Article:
document is opened. These views can then be modified as if they had been
manually created one after the other.

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Index
Symbols
.model

Numerics
2D component creation (annotation and dress-up settings)
2D/3D associativity
3D constraints
driving via dimensions
generating dimensions from

A
active view
administration settings
aligned section cuts, creating
aligned section views, creating
aligning views
analysis display mode (dimension settings)
analyzing
generated dimensions
interfering dimensions
annotation creation (annotation and dress-up settings)
annotation settings
annotations
overview
applying to another view
links

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Approximate views
assembly drawings
associativity (2D/3D)

B
background view (view and sheet layout settings)
background views, managing
balloon creation (annotation and dress-up settings)
balloon generation (generation settings)
balloons
generating on a view
batch, updating drawings
bill of material
BOM
breakout views
broken views

C
callouts
modifying geometry
modifying graphism
CATDrawing
managing documents in VPM
CATDrawing documents
creating
editing links
managing
opening
updating via the batch monitor
CATDrawing specification tree icons

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CGM
export
import
CGR views
clipping view (view generation settings)
clipping view profiles, creating
clipping views, creating
colors (general settings)
colors (geometry creation settings)
command
Advanced Front View
Align Views Using Elements
Aligned Section Cut
Aligned Section View
Apply Links To
Auxiliary View
Breakout View
Broken View
Clipping View
Clipping View Profile
Detail View
Detail View Profile
Dimension Positioning
Exploded View
Frame and Title Block
Frame Creation
Front View
Generate Balloons
Generate Dimensions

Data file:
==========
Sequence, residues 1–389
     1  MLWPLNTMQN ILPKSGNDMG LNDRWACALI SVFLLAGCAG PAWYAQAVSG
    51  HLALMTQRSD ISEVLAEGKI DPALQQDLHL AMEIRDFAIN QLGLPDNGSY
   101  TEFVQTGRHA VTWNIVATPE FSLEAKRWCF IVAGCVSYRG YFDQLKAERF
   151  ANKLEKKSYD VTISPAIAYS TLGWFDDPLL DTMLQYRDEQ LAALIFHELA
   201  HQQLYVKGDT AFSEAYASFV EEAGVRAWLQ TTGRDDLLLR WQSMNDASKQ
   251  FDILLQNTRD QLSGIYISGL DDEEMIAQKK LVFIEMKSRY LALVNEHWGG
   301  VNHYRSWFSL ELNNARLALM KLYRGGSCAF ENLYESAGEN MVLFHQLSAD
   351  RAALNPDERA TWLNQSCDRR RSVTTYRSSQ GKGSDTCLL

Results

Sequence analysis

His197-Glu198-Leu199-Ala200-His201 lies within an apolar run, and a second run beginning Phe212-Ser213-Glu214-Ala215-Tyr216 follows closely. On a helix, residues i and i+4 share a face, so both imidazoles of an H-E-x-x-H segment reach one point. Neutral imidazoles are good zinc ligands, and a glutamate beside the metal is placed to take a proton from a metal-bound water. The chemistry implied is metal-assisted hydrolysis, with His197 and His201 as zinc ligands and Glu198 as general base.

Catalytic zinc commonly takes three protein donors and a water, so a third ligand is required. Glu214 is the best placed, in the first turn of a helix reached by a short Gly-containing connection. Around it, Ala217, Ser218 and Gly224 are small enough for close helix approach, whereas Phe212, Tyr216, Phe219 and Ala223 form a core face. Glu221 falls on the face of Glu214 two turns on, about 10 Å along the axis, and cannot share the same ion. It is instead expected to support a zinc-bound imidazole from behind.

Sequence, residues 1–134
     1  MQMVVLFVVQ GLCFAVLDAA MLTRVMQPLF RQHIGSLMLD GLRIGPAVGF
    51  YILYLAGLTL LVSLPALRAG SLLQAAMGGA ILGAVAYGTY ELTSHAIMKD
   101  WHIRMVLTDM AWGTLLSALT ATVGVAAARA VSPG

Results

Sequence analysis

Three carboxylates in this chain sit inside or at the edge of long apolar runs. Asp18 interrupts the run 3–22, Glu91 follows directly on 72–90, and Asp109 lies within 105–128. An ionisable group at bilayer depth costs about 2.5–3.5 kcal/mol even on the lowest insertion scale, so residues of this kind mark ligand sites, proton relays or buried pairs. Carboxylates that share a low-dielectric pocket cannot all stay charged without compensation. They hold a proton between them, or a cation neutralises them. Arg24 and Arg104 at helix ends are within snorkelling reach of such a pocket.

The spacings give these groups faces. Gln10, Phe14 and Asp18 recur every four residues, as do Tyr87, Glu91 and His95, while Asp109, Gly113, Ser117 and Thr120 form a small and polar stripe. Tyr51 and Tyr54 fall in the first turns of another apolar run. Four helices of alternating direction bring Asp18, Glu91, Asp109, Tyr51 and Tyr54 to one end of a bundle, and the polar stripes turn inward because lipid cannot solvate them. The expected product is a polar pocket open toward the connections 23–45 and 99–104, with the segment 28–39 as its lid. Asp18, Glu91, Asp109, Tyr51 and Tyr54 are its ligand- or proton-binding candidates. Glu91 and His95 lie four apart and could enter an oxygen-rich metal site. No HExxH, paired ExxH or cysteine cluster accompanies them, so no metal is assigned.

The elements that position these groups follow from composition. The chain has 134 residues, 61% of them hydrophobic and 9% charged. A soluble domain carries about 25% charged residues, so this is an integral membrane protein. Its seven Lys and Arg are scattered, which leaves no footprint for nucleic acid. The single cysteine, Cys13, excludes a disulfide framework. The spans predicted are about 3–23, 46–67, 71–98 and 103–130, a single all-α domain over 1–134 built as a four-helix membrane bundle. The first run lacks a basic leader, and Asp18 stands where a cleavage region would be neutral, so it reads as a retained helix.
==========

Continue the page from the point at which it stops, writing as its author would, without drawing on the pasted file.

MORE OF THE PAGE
Import a generative view style
Invert Profile Direction
Isolate

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Isometric View
Locate Reference View
Locate Resulting View
Modify Links
Offset Section Cut
Offset Section View
Position Independently of Reference View
Projection View
Quick Detail View
Quick Detail View Profile
Restore Deleted
Set Relative Position
Show Geometry in All Viewpoints
Superpose
Thread Dimension
Unfolded View
View From 3D
Wizard
constraints creation (geometry creation settings)
constraints display (geometry creation settings)
creating
advanced front views
aligned section cuts
aligned section views
associative thread dimensions
auxiliary views
breakout views
broken views
clipping view profiles
clipping views
detail view profiles
detail views

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exploded views
frame and title blocks
front views
generative view styles
inter-technological feature dimensions
intra-technological feature dimensions
isometric views
offset section cuts
offset section views
projection views
quick detail view profiles
quick detail views
section cuts (planar surface)
section cuts with profile defined in 3D
section views (planar surface)
section views with profile defined in 3D
technological feature dimensions
unfolded views
views
views from 3D
views from a .model
views using generative view styles
views via the wizard
creating drawings
customizing
administration settings
annotation and dress-up settings
dimension settings
general settings
generation settings
generative view styles
geometry settings

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Generative Drafting

layout settings
manipulators settings
toolbars
view settings
customizing settings

D
defining sheets
Design mode
defining
using
detail view profiles, creating
detail views, creating
dimension creation (dimension settings)
dimension generation (generation settings)